II. Constitutionalism and public finance accountability: A conceptual and historical understanding
A. Regulating state financial power: Emergence of parliamentary control and budget

6 At the heart of constitutionalism is the objective of regulating state power. This ensures public accountability, among others.20 One such means of constitutionalism, adopted as early as the 17th century, was to distribute state power across parts of the body politic based on the theory of “separation of powers”.21 Consequently, the State distributed power over financial administration (“financial power”) as well. Such power could no longer be in executive secrecy, lest it ran afoul of incompatibility with the constitutional state.22 Instead, the Legislature was given control over aspects of financial power such as taxation and public expenditure. The latter was in line with the “fundamental constitutional principle” that charges upon public revenue should be sanctioned by legislation.23 Different branches of government, thus, had to submit proper accounts and disclose documents on their finances.24 Over time, “legislative supremacy”25 emerged over the Executive in terms of financial power in countries like the UK and the US. It was Alexander Hamilton who famously noted in the Federalist Papers that the Executive held the “sword” while the Legislature held the “purse”.26 This division of powers was meant to make the Executive more accountable to the Legislature – which represented ordinary citizens – for the public funds and resources it received and managed. The Legislature held the power to release funds to meet government expenditure. These activities evolved into the formal budget mechanism over time.

7 There was, however, recognition over time that this arrangement dividing powers to ensure accountability had to be supplemented by an expert checking mechanism. Thus, for instance, in 1866, the British Exchequer and Audit Department Act (“E&ADA”)

created the office of Comptroller and Auditor General (“C&AG”), tasking him to certify and report on public accounts and ensure propriety of public expenditure. This laid the final touches to a “complete financial control system”, with parliamentary and treasury financial powers, supported by the C&AG.27 This is significant because most British colonies subsequently modelled their local ordinances concerning local public finance management on the British E&ADA.28 Similarly, as a British colony, Singapore inherited the budget system and the Singapore (Constitution) Order in Council 195829 formally included finance as a distinct subject in the constitutional order, covering, inter alia, budget estimates, authorisation of expenditure and the Consolidated Fund.30 This was later supplemented by the Financial Procedure Ordinance of 195931 when Singapore attained full self-government. It is interesting to note, however, that state audit appeared to have predated the implementation of the budget mechanism in Singapore. The Audit Office of the Straits Settlements (“SS”) was established as early as 1867 and submitted annual reports to the Colonial Secretary in London.32 In 1932, the audit offices of the SS and Federated Malay States were consolidated into one audit department. The Singapore Audit Office (later renamed the Singapore Audit Department) was then created.33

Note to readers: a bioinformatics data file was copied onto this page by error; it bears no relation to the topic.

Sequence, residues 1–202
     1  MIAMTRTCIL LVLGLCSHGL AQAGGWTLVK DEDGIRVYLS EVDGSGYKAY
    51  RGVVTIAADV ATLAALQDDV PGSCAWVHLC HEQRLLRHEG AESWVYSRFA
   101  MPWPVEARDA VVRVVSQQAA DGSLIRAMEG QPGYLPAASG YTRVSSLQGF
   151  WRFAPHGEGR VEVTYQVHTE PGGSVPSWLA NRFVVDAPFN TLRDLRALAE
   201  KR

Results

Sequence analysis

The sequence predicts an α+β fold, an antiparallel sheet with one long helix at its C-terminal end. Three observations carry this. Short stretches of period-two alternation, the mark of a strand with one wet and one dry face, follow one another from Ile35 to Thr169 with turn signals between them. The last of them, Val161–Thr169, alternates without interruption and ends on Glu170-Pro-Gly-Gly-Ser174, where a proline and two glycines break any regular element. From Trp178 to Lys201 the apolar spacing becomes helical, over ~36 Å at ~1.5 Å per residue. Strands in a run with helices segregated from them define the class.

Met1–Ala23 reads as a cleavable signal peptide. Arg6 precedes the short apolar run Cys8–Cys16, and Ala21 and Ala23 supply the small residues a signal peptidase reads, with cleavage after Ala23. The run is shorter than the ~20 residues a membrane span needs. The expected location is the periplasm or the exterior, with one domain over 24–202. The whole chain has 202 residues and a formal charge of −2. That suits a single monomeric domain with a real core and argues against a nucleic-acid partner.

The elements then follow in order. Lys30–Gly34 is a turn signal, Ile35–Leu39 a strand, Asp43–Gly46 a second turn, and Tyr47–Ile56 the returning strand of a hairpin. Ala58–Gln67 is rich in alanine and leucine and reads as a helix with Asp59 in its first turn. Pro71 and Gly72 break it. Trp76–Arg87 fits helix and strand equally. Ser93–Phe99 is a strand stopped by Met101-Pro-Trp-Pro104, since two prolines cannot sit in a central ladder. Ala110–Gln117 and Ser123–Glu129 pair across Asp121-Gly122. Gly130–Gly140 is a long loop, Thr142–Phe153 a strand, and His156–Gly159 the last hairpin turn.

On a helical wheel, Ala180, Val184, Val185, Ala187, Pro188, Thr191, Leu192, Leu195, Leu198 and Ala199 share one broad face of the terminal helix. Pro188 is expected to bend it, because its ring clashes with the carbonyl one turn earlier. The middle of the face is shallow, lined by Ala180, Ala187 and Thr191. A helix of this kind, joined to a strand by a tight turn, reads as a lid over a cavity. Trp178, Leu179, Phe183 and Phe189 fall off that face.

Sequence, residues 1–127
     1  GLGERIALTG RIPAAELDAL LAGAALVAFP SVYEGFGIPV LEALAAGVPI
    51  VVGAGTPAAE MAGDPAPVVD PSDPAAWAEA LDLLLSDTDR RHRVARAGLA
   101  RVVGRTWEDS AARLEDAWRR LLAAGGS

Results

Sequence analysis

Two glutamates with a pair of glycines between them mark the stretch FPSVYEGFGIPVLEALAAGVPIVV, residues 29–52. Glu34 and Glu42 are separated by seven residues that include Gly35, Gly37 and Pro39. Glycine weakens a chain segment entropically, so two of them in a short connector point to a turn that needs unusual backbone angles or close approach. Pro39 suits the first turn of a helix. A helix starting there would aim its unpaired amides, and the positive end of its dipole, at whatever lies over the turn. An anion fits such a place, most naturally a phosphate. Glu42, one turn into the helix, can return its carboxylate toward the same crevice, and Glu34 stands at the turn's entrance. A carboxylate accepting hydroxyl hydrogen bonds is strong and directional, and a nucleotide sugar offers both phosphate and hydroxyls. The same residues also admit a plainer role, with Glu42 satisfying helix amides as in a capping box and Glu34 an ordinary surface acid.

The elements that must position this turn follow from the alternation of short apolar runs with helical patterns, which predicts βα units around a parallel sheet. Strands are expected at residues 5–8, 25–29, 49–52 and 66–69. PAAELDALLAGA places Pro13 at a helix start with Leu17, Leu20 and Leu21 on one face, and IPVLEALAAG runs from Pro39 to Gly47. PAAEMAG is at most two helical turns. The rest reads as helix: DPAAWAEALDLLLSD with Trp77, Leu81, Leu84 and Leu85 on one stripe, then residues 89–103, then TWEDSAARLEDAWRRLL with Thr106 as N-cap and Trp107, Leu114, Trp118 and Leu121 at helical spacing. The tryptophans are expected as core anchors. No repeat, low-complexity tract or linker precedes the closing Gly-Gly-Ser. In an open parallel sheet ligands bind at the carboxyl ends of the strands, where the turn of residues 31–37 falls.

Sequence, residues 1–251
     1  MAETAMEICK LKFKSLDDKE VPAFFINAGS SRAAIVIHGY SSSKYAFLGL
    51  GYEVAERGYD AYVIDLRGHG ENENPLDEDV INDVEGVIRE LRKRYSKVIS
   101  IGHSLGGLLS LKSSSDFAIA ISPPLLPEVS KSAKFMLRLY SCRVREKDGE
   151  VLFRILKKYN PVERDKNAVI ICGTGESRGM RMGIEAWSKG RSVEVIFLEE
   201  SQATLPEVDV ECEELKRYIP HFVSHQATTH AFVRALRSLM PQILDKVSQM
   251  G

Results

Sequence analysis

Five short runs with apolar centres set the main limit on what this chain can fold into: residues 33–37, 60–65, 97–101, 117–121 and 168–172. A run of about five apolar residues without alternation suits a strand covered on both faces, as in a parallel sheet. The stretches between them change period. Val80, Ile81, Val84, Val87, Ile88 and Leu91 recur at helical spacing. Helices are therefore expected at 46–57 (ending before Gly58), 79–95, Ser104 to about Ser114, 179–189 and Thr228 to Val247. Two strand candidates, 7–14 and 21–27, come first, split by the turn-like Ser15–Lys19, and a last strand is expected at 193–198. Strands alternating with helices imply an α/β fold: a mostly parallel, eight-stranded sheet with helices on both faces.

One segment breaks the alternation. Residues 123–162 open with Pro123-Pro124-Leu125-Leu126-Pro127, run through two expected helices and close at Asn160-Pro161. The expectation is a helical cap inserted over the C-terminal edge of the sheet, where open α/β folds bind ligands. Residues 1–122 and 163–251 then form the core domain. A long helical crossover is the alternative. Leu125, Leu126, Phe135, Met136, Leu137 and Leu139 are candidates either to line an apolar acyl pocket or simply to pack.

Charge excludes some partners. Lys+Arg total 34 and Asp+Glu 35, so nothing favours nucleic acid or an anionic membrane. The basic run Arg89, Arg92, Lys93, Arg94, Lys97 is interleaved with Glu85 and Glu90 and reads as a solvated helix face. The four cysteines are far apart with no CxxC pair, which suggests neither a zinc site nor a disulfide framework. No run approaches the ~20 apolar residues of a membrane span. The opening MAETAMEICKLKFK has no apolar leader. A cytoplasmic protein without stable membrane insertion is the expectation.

8 Parliament's power over the purse or “parliamentary control” of public finances does not, however, mean it has power to make all public spending decisions. There are in fact three levels of decisions concerning government expenditure: (a) planning and controlling total expenditure; (b) determining priorities between different heads of expenditure; and (c) optimising public resources available for each head and programme. The primary locus of Parliament's financial power rests on item (b), with which parliamentary financial procedures are formallyconcerned.34 Nonetheless, Parliament oversees the other two levels of decisions to some extent when the Executive reports to Parliament on these matters. Ultimately, all three levels of decision-making will be

accounted for in the budget cycle, from its beginning to end. This will be explained further in the next section.
B. Budget cycle and state audit as added check

9 Typically, at the start of the budget cycle, the Executive would plan policies for the upcoming financial year, prepare revenue and expenditure estimates, and present them to the Legislature.35 In Singapore, the budget statement is delivered by the Finance Minister to Parliament before the new financial year. The Minister would introduce the Supply Bill to seek Parliament's approval of funds36 and Members of Parliament (“MPs”) would debate on the budget statement.37 Parliament subsequently votes to approve the budget. If the Elected President (“EP”) gives his assent, the Supply Bill passed is enacted in law as...